dreaming in filipino
things take on strange pallors when you view them from afar. it becomes worse when you try to capture those in words.

writers and academics in a yahoogroup i lurk around are talking about the 'books for barrios' exchange where old american books will be shipped by container to the philippines to send to the provinces.

simplistically, supporters say that the need is so great, the provinces will accept whatever literacy help they can get.

contenders claim that the program will instill and perpetuate colonial mentality.

others argued whether the philippines were suited for just old books. if they were really concerned, they said, they would help the publishing industry so the country can publish their own books. allowing the country to publish more of their own would offset colonial mentality perpetuated by the books - all types, from medical texts to journals, cook books, popular fiction, periodicals, paperbacks, hardbounds, you name it - and hopefully develop a reading public of their own.

the discussion is impressively thorough - but mostly about the ramifications of having more american books populate provincial libraries, of the books possibly perpetuating colonial mentality.

i'm not sure about that: it doesn't always mean that what one reads is what one becomes. a 9-year-old reads books for class or entertainment. sometimes it doesn't matter if the books feature white girls. they look beyond that to see what happens to the girl - and if that could happen to them, too. sometimes they do dream of leaving and succeed, but sometimes they grow up to realize they'd rather be in their homelands than elsewhere far.

there already is a thriving publishing industry in the philippines right now, and not all of it is based in manila. while critics like to gripe about the industry nonstop, to me it's proof yet of normalcy. writing is personal, no matter what price you give it or how often it's shredded to ribbons or how subtle or violent the delivery. writers may fight tooth and nail, employ sabotage, enact murder and mayhem just to get published, but that's what keeps the industry churning. that's normal of any business, anywhere in the world.

aside from using the vernacular outside of school, there's even programs in school where filipino is made the primary language of instruction. one afternoon in my 3rd year of high school in quezon city, my homeroom teacher, who taught chemistry, walked into class and declared, "today starts the new school policy of speaking and teaching in the native language." i had no clue what she meant, and it was the first time weirdo me realized there was contention between english and filipino. in that first year, we learned from government- and university-provided texts written in english, but translated them into filipino on the chalkboard and in our notes. in exams, we were required to describe chemical reactions in filipino.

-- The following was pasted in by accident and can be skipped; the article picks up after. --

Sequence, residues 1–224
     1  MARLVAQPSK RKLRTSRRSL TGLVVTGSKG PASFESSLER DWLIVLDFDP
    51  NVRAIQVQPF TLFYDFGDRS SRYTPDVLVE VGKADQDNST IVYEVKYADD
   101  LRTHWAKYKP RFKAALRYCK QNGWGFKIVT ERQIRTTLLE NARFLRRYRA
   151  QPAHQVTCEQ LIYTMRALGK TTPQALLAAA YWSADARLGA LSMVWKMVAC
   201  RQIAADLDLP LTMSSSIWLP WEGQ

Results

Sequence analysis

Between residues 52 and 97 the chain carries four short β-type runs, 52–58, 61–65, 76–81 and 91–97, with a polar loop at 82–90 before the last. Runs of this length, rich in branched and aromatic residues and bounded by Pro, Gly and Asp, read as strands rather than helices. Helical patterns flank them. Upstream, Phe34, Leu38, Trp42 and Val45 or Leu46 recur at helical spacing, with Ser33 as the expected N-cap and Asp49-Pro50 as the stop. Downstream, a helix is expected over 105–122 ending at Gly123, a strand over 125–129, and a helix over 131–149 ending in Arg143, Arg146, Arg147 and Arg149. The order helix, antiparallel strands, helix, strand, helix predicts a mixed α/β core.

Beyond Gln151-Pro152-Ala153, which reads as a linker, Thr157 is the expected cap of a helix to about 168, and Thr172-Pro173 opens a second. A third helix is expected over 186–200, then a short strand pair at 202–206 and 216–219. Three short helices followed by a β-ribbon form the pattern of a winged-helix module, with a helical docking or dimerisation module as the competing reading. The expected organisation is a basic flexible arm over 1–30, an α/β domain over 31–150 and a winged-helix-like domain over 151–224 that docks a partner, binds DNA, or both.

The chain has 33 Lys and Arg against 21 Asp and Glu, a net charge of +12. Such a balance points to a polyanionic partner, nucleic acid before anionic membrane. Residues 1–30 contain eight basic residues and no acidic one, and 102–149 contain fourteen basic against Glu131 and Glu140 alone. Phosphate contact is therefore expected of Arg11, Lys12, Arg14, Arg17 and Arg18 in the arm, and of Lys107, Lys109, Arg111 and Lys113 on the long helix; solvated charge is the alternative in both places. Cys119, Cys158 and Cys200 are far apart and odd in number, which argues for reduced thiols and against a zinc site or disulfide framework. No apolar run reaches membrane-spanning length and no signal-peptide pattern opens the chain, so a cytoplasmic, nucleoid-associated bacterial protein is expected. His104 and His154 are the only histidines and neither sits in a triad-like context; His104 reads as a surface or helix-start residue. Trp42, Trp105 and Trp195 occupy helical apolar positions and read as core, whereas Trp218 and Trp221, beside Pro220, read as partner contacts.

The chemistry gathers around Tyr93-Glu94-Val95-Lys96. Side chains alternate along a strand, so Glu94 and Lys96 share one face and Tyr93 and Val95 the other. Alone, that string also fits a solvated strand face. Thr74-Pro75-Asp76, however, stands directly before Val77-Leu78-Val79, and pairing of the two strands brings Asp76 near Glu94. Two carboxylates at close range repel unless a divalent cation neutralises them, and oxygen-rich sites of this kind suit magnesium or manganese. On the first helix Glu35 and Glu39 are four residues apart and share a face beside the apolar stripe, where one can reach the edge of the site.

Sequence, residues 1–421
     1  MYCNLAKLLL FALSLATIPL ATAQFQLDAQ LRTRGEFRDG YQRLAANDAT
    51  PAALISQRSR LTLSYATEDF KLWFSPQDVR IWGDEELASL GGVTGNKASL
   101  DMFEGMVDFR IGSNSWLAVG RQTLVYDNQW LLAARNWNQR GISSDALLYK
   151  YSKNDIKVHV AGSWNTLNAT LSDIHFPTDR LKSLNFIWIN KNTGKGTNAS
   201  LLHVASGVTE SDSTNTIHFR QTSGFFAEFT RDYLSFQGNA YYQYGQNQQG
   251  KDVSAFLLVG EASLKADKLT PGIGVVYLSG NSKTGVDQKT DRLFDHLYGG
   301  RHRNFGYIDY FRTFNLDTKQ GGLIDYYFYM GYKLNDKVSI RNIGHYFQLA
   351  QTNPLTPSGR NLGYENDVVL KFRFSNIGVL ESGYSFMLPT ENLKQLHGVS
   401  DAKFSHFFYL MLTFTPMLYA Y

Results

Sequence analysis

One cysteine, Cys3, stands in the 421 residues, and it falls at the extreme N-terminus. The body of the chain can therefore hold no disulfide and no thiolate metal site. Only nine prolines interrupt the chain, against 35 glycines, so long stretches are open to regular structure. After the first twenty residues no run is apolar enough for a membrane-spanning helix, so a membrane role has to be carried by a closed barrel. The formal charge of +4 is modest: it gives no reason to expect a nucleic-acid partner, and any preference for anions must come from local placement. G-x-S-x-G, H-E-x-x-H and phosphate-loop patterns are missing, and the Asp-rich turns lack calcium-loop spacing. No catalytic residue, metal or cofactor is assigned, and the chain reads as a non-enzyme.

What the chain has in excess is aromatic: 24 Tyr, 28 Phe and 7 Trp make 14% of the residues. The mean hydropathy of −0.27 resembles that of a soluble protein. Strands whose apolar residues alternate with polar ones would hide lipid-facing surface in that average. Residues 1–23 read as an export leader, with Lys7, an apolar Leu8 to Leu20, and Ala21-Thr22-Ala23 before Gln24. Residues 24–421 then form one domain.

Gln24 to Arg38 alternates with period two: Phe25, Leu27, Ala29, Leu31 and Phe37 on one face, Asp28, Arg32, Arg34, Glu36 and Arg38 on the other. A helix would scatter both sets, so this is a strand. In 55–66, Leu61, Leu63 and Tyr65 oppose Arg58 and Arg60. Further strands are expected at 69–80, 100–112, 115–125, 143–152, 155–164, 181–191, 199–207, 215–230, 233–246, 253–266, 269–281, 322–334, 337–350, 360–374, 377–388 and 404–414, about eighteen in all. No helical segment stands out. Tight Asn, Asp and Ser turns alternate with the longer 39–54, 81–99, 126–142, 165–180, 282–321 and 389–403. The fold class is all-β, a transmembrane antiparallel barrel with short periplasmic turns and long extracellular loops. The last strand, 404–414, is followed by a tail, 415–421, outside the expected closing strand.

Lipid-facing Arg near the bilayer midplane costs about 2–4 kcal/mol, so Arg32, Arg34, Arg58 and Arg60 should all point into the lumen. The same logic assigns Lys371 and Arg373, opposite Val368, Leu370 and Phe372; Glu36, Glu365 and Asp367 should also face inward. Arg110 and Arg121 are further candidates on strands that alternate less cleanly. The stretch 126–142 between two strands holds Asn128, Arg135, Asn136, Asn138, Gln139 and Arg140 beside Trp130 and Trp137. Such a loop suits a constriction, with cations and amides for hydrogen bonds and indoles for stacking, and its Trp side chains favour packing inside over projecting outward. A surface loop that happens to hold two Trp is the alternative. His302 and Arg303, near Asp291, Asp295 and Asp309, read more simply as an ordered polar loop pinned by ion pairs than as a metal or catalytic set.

there were opportunities to sharpen two vital skills each time we read from our books and said things out loud - translation and cognition in filipino. as someone who still thinks and speaks in filipino, but writes in english, i call dealing with nonfilipino coworkers as needing to 'translate' everything. i can jump into filipino at the drop of a hat, something that people around here can only dream of doing (unless, of course, the language in question happens to be spanish, estonian, arabic, russian, thai or korean - see, even the photographer won't even say whether he lived in the north or south, it's just 'korea.' hehe).

ah, wells. the ability to play linguistic gymnastics is all well and good, except that now i can't write respectable filipino. i think i'll take that penitential hatchet now.

also, this type language concern grabs the attentions of only those who wield it for a living - the writers, the teachers, the lawyers, the publishers. but everyone is a reader, so it is a legitimate concern.

the academics' concerns should be forwarded to willing participants of the 'books for the barrios' program so they can make efforts to gather material the academics think will be beneficial for the provinces there. propaganda isn't always the reason behind the publishing - or gathering of a number - of books. willing participants should be ready to do the legwork themselves of locating and procuring these books... for less politics. (you know the drill.) willing participants could also fulfill any book requests from there to here.

the books will help librarians and teachers in the provinces teach kids how to read, write and speak in english, and might even mobilize them to develop lessons in filipino or in their regional tongues. english is valuable in that it is the world's current lingua franca. but if identity is interlaced with language, then retention of filipino and the regional tongues are beyond vital to an individual's survival.
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